In our thesis, we examine the stock performance of newly listed firms on the AMEX, NYSE and Nasdaq for the time horizon between 2000 and 2013. Our research lays emphasis on the performance of sponsor-backed and non-sponsor backed companies. We find evidence that IPOs generally underperform in the long-run, while sponsor-backed companies appear to perform at a superior level compared to non-sponsor backed event firms. While the negative abnormal return of non-sponsor endorsed companies does not appear to be statistically different from zero, we find some evidence that sponsor-backed IPOs indeed exhibit statistically significant negative stock performance. For the subgroups of sponsor types, we find statistically significant positive abnormal returns for Private Equity-supported firms. The evidence indicates that this cohort substantially outperforms other groups, including non-sponsored companies. Potential drivers are superior profitability in terms of EBITDA margins and higher leverage. Besides, we suggest that the PE-backed firms’ larger size in terms of market capitalization may carry increased media attention and, consequently, larger investor interest. When looking at different exit types for sponsors in the event of the IPO, No Exits consistently outperform the other exit strategies Partial Exit and Complete Exit. Therefore, the analysis reveals that the sponsors’ decision not to sell any shares in the IPO seems to serve as a strong signal that companies are of higher quality. In the comparison of IPO performance over time, we find poor significant performance for the sponsor- and non-sponsor backed companies in the IPO year 2000, potentially driven by the aftermath of the Dotcom Bubble and the decrease in the overall equity market valuations. Notably, in this period, we find that non-sponsored companies seem to be more robust to the development in such crises in terms of activity and abnormal returns.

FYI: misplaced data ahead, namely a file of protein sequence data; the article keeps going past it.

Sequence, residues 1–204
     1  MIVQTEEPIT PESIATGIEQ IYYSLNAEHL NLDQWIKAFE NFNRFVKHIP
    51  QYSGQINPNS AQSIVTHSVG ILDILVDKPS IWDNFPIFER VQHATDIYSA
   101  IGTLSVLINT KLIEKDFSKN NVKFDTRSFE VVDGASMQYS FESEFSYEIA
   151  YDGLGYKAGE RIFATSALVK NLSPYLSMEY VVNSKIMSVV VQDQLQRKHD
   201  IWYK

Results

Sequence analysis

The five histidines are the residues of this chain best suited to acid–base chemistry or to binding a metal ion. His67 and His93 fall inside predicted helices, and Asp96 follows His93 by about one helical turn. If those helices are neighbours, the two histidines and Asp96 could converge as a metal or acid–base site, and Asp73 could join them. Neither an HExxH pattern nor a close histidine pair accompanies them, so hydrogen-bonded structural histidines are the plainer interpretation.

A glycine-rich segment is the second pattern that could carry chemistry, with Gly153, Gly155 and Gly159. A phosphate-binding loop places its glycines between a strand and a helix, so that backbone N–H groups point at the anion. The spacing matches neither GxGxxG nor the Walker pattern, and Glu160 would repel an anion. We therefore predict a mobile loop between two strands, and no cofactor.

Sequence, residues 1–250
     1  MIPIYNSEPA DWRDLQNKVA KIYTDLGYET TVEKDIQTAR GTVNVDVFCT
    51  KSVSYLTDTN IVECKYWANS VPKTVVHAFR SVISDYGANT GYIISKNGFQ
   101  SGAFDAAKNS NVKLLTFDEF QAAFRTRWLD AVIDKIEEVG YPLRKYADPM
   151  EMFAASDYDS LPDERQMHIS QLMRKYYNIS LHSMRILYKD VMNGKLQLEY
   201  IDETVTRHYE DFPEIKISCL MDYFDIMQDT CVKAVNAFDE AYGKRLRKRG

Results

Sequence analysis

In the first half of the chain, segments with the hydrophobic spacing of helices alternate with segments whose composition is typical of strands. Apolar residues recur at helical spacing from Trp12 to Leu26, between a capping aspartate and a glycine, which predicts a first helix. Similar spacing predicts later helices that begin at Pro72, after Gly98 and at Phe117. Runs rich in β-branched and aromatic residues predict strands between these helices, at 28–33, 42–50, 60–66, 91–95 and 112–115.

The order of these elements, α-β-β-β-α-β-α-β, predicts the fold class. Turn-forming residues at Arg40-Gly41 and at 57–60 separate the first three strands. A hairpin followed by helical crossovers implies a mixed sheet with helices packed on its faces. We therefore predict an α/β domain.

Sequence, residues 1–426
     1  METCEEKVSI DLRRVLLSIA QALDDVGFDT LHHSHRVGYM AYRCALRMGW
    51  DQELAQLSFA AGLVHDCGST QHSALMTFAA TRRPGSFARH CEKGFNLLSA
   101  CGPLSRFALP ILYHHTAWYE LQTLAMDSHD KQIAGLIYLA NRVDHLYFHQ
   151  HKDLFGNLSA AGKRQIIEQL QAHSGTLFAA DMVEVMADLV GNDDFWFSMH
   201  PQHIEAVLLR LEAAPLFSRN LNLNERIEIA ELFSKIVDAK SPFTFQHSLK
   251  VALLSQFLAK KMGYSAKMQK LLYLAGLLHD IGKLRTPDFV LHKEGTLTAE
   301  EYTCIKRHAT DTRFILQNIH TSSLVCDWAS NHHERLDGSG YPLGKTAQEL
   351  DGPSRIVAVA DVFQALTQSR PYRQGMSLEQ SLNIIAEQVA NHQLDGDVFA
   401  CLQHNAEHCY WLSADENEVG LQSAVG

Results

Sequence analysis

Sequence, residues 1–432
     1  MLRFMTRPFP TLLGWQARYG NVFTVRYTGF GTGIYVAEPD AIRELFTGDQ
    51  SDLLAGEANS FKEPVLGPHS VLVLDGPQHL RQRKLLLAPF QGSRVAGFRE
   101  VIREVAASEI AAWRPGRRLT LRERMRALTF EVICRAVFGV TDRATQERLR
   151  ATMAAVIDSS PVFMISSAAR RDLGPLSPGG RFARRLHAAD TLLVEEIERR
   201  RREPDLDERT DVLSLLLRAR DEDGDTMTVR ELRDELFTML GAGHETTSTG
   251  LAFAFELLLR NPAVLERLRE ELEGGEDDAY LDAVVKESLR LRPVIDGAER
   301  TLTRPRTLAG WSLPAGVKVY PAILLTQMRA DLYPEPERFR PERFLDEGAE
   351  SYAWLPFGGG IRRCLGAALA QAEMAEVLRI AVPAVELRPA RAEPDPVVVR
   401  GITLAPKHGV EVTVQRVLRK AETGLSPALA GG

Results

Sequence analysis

|Educations||MSc in Finance and Investments, (Graduate Programme) Final Thesis|
|Number of pages||213|